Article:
Volume 2, Issue 3 (1973)
The Effects of Sexism on the Classification of Children With Learning Disability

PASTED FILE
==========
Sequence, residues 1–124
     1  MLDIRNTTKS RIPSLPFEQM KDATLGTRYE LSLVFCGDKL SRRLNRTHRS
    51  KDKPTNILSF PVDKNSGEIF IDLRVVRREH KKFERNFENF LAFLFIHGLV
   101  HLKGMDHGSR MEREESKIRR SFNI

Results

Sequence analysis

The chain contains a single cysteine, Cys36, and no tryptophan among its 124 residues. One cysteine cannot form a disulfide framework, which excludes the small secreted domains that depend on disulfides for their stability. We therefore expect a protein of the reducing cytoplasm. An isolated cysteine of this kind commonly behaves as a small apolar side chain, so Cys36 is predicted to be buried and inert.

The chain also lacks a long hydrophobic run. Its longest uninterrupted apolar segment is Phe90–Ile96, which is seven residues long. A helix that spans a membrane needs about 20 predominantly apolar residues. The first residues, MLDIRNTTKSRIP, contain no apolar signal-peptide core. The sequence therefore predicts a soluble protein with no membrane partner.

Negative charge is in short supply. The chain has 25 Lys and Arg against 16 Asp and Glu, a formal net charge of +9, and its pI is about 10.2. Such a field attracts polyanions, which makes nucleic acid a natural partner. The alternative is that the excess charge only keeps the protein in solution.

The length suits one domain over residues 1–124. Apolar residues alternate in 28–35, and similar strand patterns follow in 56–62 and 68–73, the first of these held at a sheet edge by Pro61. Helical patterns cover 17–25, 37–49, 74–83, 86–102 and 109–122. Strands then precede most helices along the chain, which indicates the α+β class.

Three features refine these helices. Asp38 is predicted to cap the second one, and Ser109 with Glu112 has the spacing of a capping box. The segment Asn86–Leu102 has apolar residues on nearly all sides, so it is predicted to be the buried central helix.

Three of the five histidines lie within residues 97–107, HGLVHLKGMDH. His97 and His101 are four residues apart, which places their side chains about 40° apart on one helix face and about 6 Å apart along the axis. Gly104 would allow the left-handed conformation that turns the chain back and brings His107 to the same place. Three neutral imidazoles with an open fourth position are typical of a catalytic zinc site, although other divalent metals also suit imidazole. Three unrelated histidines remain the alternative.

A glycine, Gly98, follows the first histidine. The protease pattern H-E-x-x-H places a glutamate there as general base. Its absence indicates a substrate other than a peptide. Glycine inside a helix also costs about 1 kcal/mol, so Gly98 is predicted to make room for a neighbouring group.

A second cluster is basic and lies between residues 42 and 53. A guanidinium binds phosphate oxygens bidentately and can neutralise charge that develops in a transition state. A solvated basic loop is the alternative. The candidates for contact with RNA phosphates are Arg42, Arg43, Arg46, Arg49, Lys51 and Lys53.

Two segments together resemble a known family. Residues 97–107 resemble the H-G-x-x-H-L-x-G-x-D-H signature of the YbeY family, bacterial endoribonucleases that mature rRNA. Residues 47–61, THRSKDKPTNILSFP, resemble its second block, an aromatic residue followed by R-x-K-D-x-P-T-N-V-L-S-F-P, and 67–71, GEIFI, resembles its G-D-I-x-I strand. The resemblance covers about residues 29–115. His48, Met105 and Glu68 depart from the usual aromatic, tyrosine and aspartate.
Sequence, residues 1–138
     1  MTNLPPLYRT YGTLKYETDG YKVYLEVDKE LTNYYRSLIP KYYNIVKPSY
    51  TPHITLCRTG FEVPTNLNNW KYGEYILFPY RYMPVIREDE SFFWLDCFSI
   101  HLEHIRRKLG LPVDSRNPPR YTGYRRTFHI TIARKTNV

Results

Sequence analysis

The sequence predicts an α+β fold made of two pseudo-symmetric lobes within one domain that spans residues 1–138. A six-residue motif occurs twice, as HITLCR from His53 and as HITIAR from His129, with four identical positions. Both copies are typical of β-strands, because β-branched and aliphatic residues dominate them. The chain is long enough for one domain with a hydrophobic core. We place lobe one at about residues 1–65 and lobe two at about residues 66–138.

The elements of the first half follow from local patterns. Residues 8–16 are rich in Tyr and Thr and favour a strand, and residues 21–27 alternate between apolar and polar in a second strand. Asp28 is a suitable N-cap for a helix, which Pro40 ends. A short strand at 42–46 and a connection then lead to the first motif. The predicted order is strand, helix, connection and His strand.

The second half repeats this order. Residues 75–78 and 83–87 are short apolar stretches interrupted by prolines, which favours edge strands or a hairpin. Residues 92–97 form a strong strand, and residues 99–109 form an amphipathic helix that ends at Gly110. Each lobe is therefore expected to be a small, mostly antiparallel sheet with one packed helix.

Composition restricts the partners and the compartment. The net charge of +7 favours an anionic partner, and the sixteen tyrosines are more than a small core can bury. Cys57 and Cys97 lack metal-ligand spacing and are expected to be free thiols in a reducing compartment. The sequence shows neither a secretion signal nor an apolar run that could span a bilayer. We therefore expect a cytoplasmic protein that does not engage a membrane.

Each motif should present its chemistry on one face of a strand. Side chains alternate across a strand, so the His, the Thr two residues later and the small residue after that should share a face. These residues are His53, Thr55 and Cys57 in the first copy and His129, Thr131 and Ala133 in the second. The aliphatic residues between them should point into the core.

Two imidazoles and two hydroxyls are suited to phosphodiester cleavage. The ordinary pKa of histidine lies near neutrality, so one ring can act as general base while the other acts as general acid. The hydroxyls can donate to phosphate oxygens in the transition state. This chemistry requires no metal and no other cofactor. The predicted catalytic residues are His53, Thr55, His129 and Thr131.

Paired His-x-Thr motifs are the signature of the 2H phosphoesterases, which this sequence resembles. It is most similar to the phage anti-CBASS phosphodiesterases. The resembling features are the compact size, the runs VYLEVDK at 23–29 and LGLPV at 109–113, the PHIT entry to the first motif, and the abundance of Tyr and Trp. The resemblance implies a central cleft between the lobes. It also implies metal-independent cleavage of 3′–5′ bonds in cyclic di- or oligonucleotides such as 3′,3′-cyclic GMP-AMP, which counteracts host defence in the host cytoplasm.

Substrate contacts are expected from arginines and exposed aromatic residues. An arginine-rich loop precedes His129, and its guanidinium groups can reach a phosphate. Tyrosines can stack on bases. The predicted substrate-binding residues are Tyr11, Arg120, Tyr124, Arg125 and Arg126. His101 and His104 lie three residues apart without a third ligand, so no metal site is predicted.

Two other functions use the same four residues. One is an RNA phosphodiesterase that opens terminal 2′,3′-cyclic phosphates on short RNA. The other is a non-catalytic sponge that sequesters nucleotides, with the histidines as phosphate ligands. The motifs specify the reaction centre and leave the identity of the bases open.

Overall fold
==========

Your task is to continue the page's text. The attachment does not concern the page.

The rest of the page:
This paper explores some of the possible effects of sexist attitudes upon the detection arld classification of learning disabled children. It is suggested that rigid sexist ideas about appropriate sex-role behaviors and attributes, and the relative value of both sexes, bias the detection/referral/evaluation process toward the classification of far greater numbers of boys than girls. This discrepant boy/girl ratio can adversely affect both sexes by neglecting and overlooking learning disabled girls, and by penalizing individual boys because they do not fit into a rigid academic timetable or because they need more physical activity than the traditional classroom permits.
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